Wednesday, August 08, 2012

Recently Read

yeahyeahyeah, skip it if you wanna.

1. The Story of Beautiful Girl by Rachel Simon. Novel by the author of "Riding the Bus with My Sister". It's about two mentally disabled people who fall in love - good.

2. Velva Jean Learns to Fly by Jennifer Niven - Novel about, well, a woman who learns to fly in the forties. Started out good but then bogged down. Didn't finish.

3. The Orchard by Adele Crockett Robertson - Memoir of a woman who tried to save a family farm during the Depression - good. She was one tough cookie.

4. We Thought You Would Be Prettier by Laurie Notaro - Humorous essays. Meh.

5. Land of a Hundred Wonders by Lesley Kagan - Novel about a mentally handicapped woman trying to solve a mystery. Oy. Did not finish.

6. The Big Rock Candy Mountain by Wallace Stegner - Semi-autobiographical novel about a family in the early 1900s - great big sprawler of a book. Interesting, but the lead character (the father) was pretty much a dick, and I didn't like the narrator (the son) much better.

7. All My Patient Have Tales by Jeff Wells - Memoir of a veterinarian - Lighthearted and interesting.

8. Oral History by Lee Smith - Novel about several generations of an Appalachian family - Interesting.

9. Mudbound by Hilary Jordan - Novel about a woman raising a family on a farm during the latter part of WWII. Okay.

10. Satan is Real - The Ballad of the Louvin Brothers by Charlie Louvin - I'd never even heard of the Louvin Brothers before I read this book, but the cover art drew me in. It's a memoir by a country-western/gospel singer who was big in the fifties - Really entertaining.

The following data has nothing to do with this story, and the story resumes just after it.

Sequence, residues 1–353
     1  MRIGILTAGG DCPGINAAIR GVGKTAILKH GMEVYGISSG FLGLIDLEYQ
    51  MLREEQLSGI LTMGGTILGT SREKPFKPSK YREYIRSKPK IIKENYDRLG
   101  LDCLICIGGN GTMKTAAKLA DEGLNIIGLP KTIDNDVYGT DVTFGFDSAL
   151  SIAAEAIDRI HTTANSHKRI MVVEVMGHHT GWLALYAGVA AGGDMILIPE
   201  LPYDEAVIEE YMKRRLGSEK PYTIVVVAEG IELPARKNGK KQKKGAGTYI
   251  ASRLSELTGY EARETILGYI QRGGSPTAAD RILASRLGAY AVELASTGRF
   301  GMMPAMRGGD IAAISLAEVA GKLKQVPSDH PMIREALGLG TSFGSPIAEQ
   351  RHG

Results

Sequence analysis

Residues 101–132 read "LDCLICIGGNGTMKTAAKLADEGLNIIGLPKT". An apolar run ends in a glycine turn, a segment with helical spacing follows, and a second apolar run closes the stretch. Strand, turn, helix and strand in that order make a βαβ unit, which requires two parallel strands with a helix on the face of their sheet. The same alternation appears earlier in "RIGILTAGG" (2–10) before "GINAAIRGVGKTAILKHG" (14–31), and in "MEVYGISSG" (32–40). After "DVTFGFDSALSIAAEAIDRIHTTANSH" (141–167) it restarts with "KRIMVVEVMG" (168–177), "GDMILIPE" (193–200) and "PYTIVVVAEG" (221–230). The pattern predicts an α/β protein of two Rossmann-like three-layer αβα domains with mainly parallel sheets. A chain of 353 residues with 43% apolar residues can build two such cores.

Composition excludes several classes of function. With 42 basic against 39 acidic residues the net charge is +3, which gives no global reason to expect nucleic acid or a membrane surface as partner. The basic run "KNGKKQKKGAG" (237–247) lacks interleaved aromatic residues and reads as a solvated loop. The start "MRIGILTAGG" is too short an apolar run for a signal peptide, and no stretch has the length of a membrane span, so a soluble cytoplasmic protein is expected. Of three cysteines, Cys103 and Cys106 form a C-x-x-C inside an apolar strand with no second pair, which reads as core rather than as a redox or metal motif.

So! That's what I got. How about you - reading anything good?

Oh, and I broke down and bought 11/22/63, but all of the reviews are so good that I don't want to start it just yet - I might save it for my birthday IN NOVEMBER - ha - I am crazy.


Birdie said...

I loved The Story of Beautiful Girl! I have to admit I hated Riding the Bus With My Sister.

Becs said...

A Day in the Life by Robert (Greenleaf? Greenberg? Greensomething?) about a man and woman from aristocratic English families. They are both batshit crazy and their two sons suffer during the years they were dragged hither and yon. Depressing but has a jaw-dropping "you have got to be kidding me" factor, especially since this is a biography and not fiction.

fmcgmccllc said...

Just finished Yes, Chef by Marcus Samuelsson, loved it. Now reading Mrs. Whaley's Charleston Kitchen, Mrs. Whaley worked with William Baldwin back in the day to record the book for her grandchildren. She is supposed to be a southern legend and quite the pip. So far so good.

rockygrace said...

Birdie, I thought it was a little ... far-fetched, but it was still a good read.

And Becs, I've been reading about that book on your blog! It sounds a leetle too down for me. Oh! and when I went to Amazon and did a search in books for "A Day in the Life", the result was ... interesting! I don't think it was the book you're talking about, though. :)

rockygrace said...

fmcetc., they were talking to that Yes, Chef guy on the radio the other day! It sounds like he's had an interesting life. and I'll have to look up Mrs. Whaley.